The Government’S Productivity Plan

Part of the debate – in the House of Commons at 2:38 pm on 28th February 2017.

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Photo of Roger Mullin Roger Mullin Shadow SNP Spokesperson (Treasury) 2:38 pm, 28th February 2017

I thank my hon. Friend for that intervention.

I wish to move on to another area that has been addressed. I believe it was Jeremy Quin who mentioned the importance in our society of universities, the production of higher levels of knowledge and our research capability, and how that was a tremendous attraction if we are to drive up levels of productivity. I agree entirely with him, but there is a problem that we must be willing to face. The universities are under a type of strain that they have never faced before: the threat to the research community created by the Government’s attitude towards EU nationals. I can take Members to universities in Scotland and show them people who are leaving, or planning to leave, the university and the research community because of the uncertainty created by this Government. If there is one thing the Government could do, either today or very soon after, to secure our research community, it would be to give these people absolute guarantees that they are welcome and will carry all their rights with them into the future.

Scotland has different productivity needs, one of which relates to our attitude towards immigration. I would argue that we need more immigration, of the right type. Many blockages to enhancing that immigration can be found in the Government’s policies, and I wish to give hon. Members one example. A few years ago, for the tier 1 investor visa, the Government increased the sum that people would have to have to bring into the economy to invest in British business to a minimum of £2 million. I would be very happy for Scotland to attract people with a wee bit less than that to invest in Scottish business, because they could still do a tremendous amount of good.

As the Minister knows—we have discussed this in the past—another tier 1 visa is the entrepreneur visa. Residents and citizens of England or Scotland do not need bags of cash to become an entrepreneur. Indeed, some of our most wonderful entrepreneurs started with very little but an idea. What do we say to people who want to come here as entrepreneurs? At the moment we are saying, “You have to produce, in advance, a detailed business plan to be assessed.” It is doubtless to be assessed by the Home Office. They have to produce a business plan of how they will start a business in the UK, even though they are not in the UK. That strikes me as a wee problem to begin with. Secondly, they need a minimum of £50,000 in their back pocket to bring in with them to invest here, along with the business plan. We would never ask that of people who live here domestically. There are therefore things that could be done to sort out a number of the supply-side blockages that prevent us from attracting some of the investors and entrepreneurs who could do so much to help to build capacity and improve productivity in our society in the longer run.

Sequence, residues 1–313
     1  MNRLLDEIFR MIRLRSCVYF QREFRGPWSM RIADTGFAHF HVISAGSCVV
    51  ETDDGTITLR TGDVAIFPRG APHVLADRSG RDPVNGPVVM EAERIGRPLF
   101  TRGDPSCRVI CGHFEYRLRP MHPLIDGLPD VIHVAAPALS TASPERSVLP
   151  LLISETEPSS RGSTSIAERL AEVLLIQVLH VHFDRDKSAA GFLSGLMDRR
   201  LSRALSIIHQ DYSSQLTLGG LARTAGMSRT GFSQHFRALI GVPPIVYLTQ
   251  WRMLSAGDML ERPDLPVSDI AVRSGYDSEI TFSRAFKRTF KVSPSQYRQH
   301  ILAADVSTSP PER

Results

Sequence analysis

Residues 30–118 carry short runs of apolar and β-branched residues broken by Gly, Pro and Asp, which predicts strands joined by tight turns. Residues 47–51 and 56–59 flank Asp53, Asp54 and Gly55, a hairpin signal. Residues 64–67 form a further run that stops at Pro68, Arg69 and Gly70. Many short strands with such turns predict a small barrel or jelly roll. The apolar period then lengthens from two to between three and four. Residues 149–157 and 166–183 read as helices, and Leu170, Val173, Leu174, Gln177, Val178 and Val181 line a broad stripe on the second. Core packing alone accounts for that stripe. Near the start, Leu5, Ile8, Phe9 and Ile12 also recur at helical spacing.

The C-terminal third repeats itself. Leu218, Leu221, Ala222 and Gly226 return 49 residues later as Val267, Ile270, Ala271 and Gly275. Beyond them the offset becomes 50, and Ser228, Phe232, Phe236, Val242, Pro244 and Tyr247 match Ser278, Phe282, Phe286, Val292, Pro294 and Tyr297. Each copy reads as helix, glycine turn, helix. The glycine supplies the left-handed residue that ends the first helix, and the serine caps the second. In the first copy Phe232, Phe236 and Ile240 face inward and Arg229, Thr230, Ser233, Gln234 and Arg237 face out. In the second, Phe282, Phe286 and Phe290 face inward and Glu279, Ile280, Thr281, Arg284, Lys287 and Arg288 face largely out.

Finally I wish to touch on skills, which has also been mentioned. Many years ago—it was 1990 or 1991—in the early days of “competence-based qualifications”, we had a body called the National Council for Vocational Qualifications, which was based in London. The people there had seen me on a television programme, so they called me to ask whether I would come down to give it some advice. Because they waved a cheque in front of me, and being a Scotsman, I readily agreed. They said to me, “We have a problem with competence-based assessment. We are unsure that it is actually delivering and accrediting people for their competence.” I did a piece of work that they subsequently published, which I have never seen refuted, in which I said that the method of competence-based assessment operating in the UK would generate a vast number of false positives—that is, a large number of people who receive qualifications but are not actually competent. That might be a contributing factor to the fact there is no evidence at all that those who come into the labour market with competence-based qualifications are doing anything to enhance productivity in our society. There is therefore a long way to go, but it has been a privilege to take part in the debate.